Consultant ENT surgeon Michael Oko, UK government advisor on Obstructive Sleep Apnoea (OSA) and founder of the Sleeping Disorders Centre, ran a seminar on sleeping disorders at the 10th Middle East Update in Otolaryngology last week.
Mr Oko presented data on the morbidity of OSA, and revealed his experience of how treating it can reduce fatal car accidents, as evidenced in Lincolnshire, UK:
“Because of a prolonged campaign about the condition and the better treatment options available after the Sleeping Disorders Centres were established, we have seen the rate of annual traffic fatalities in Lincolnshire fall from 79 to 39 within five years. At least any traffic accidents brought about by this condition can be minimised if more patients seek help. Studies show that up to 20% of road traffic accidents are sleep-related, so with over 1000 road deaths a year in UAE, and over 6300 in Saudi Arabia [2007 police data], a sleep apnoea testing and treatment programme could reduce fatalities significantly.”
In the seminar Mr Oko also spoke about the history of OSA, and how it could be the future of ENT. He stated:
“Obstructive Sleep Apnoea has been known about since 1956 and has been predominantly the domain of respiratory physicians. There is now overwhelming evidence that this is a highly cost effective condition to treat, and as the definition of the condition is upper airway obstruction it is de novo the domain of ENT to lead the management of this condition in a multidisciplinary team approach. There have been consistent and multiple attacks on the evidence base for most ENT interventions (e.g. Tonsillectomy) and so to survive as a specialism we need to embrace OSA as our future.”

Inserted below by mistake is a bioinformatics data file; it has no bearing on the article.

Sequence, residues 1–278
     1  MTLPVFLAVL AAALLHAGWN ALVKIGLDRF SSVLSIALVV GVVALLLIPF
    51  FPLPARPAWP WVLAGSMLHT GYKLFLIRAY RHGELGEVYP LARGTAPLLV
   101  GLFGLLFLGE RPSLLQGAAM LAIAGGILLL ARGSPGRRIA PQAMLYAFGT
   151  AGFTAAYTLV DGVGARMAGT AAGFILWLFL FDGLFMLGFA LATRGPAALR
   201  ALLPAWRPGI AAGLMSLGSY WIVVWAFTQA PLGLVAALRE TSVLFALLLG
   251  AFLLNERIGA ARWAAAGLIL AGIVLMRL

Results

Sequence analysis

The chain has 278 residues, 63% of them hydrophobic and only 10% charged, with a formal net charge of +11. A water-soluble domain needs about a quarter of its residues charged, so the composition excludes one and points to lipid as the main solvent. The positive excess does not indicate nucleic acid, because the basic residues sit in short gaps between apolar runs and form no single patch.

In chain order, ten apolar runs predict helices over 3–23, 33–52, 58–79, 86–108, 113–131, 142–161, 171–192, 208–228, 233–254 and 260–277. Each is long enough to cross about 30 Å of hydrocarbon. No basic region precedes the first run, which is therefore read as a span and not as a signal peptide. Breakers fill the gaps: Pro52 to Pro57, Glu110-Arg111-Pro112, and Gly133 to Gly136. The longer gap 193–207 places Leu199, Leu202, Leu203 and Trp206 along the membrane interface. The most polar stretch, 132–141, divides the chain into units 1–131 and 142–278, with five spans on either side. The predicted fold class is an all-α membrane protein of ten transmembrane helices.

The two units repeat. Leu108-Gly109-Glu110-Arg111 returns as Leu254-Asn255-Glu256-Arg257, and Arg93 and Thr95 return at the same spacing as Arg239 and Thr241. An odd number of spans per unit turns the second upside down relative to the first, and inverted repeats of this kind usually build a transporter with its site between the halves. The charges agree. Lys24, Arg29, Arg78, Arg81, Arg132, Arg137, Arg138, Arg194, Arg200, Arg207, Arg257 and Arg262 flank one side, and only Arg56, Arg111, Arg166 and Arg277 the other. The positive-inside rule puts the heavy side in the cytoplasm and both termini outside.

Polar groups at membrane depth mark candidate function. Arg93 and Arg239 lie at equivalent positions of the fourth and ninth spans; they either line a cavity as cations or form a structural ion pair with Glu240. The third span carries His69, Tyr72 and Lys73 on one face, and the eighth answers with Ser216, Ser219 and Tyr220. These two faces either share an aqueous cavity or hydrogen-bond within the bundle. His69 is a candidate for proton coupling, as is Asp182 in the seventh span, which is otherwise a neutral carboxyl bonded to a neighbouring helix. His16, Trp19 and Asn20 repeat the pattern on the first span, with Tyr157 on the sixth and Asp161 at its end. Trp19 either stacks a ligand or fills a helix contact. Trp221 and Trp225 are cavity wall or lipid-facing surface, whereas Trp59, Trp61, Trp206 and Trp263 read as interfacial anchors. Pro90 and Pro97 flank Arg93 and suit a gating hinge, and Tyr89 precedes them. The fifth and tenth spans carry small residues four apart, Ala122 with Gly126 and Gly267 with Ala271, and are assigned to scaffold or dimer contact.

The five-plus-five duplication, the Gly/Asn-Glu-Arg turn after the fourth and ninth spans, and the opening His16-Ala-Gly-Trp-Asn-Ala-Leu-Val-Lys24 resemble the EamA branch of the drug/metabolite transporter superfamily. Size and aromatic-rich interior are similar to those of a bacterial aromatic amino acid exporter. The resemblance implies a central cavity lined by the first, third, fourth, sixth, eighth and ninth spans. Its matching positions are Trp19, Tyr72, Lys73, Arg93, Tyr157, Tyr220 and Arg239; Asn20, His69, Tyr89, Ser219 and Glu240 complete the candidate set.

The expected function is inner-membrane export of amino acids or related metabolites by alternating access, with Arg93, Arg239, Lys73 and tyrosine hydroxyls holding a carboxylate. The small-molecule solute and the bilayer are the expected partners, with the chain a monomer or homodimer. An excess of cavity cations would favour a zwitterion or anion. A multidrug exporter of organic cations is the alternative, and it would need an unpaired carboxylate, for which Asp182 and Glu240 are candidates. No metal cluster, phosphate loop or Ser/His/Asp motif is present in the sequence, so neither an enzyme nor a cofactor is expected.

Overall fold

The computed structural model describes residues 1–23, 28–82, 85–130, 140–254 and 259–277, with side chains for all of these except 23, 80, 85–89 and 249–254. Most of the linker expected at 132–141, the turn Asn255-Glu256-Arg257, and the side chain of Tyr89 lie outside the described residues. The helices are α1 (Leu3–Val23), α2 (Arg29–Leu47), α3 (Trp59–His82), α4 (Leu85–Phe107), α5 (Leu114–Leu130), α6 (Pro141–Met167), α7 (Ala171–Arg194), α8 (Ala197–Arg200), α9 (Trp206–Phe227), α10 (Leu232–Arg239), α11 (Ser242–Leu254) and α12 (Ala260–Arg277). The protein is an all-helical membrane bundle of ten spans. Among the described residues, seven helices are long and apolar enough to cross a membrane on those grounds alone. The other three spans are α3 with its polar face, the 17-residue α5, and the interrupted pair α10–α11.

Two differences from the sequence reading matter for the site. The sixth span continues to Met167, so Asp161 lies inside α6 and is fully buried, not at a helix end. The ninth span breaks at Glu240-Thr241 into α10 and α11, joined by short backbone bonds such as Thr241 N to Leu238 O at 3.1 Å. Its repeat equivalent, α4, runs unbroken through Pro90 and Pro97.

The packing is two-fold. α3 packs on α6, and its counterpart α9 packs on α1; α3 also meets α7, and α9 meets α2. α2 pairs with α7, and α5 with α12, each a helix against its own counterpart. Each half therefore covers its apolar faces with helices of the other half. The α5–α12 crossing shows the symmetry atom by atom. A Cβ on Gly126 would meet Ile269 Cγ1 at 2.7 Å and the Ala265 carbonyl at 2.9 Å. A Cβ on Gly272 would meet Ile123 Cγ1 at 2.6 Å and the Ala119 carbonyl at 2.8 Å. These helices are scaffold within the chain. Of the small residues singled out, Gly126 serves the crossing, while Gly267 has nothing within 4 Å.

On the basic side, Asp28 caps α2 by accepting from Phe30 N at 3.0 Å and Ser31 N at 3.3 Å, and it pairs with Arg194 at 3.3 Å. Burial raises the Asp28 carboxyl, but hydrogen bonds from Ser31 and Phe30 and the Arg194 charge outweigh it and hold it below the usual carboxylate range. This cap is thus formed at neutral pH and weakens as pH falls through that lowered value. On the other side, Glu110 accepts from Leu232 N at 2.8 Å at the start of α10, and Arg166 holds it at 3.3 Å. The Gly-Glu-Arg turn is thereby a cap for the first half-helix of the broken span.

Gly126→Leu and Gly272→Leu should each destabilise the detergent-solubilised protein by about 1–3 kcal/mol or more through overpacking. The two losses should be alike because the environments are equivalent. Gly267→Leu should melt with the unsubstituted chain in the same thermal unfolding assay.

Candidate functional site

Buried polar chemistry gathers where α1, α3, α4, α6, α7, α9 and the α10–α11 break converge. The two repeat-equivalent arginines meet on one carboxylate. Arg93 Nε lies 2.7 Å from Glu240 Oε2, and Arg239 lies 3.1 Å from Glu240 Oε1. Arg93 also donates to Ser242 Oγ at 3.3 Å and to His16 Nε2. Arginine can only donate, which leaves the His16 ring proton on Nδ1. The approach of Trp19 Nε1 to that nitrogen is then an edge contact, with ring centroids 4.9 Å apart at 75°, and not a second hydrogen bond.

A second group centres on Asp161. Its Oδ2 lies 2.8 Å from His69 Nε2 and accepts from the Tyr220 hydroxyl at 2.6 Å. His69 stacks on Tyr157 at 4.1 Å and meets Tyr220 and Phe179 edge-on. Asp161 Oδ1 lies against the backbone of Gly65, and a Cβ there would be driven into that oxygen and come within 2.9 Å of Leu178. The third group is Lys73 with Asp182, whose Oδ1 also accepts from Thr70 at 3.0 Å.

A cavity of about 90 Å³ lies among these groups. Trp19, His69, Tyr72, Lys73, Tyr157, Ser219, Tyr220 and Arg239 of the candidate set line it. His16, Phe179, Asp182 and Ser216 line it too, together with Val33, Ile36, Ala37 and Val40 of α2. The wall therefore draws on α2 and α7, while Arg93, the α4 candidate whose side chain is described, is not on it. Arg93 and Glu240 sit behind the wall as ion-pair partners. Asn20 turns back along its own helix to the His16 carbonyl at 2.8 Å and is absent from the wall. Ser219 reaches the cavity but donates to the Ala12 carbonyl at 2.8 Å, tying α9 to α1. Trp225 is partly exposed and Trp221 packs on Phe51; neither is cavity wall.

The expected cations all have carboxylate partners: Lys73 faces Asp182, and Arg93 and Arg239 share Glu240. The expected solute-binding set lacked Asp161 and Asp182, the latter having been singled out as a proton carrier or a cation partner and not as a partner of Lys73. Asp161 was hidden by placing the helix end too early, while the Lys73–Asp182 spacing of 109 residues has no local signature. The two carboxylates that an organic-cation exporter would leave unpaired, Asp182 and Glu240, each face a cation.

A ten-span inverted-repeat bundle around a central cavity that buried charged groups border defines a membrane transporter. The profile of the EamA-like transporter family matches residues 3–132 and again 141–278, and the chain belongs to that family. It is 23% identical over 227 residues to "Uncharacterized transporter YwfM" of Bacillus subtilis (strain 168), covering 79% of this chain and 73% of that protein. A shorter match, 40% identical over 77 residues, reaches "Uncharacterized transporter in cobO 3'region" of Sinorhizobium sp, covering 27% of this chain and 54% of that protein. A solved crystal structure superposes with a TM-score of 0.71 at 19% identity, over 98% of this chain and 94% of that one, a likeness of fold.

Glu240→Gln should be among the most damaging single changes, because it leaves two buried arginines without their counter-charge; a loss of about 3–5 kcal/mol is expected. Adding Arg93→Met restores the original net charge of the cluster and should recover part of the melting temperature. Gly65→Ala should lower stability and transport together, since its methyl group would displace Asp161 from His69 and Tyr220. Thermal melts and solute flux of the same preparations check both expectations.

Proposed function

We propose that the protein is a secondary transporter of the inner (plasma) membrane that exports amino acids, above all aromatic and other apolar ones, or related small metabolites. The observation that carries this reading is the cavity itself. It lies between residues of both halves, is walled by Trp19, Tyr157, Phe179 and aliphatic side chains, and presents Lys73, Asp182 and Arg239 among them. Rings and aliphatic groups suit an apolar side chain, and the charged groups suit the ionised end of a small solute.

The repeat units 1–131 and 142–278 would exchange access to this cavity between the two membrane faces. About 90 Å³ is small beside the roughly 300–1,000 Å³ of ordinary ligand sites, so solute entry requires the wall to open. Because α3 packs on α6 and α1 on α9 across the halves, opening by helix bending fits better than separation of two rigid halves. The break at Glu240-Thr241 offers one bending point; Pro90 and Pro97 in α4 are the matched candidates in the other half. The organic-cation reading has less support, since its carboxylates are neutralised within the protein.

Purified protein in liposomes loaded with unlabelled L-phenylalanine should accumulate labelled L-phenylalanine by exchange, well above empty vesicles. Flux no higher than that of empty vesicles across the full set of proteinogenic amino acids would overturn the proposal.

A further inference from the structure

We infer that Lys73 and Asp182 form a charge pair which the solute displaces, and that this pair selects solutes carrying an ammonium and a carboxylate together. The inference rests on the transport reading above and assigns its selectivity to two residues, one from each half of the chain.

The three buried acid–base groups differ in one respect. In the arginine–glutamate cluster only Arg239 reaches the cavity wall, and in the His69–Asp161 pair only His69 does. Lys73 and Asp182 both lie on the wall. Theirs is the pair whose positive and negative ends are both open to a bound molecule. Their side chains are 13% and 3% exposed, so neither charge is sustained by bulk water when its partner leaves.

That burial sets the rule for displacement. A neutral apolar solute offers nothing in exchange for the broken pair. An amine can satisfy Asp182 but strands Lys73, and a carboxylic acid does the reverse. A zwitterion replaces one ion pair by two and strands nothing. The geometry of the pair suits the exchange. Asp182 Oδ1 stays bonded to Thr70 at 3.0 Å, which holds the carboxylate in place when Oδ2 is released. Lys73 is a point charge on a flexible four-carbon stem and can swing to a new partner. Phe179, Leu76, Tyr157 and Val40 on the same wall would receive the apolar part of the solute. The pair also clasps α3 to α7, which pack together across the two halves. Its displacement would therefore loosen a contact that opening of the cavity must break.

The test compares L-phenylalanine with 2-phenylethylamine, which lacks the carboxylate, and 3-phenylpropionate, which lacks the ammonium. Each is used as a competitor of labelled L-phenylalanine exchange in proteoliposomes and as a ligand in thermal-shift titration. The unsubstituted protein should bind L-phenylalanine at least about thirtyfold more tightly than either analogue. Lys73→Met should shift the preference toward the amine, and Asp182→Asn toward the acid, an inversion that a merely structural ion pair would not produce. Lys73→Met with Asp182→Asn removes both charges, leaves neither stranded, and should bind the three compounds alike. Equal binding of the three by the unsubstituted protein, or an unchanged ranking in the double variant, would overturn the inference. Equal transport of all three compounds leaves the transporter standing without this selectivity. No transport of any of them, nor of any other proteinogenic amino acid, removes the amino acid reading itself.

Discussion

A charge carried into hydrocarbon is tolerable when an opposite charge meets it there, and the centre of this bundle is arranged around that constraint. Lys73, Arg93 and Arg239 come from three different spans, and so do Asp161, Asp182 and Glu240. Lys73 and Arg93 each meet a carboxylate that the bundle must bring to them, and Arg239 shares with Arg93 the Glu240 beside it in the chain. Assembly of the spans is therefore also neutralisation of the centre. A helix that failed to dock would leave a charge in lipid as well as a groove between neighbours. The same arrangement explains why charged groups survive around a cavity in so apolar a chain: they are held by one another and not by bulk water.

OSA is a rising problem in the Gulf as obesity levels (the major risk factor for OSA) are reaching those of the US and Europe. Hard data is scarce due to a lack of awareness of the condition and scarcity of treatment facilities in the region, however, a study conducted at King Khalid University and King Fahd National Guard primary health care clinics in Riyadh, between December 2005 and March 2006, found that a third of middle-aged Saudi males taking part showed symptoms of sleep apnoea.
Speaking alongside Mr Oko was Professor Ram Dhillon, giving; “Tips and pearls on practical aspects of sleep apnoea treatment”, and Peter J Catalano, who asked; “Nasal surgery for OSA: Always, sometimes, never?”. Also on the panel were Gerald Wolf and Ahmed Elbassiouny.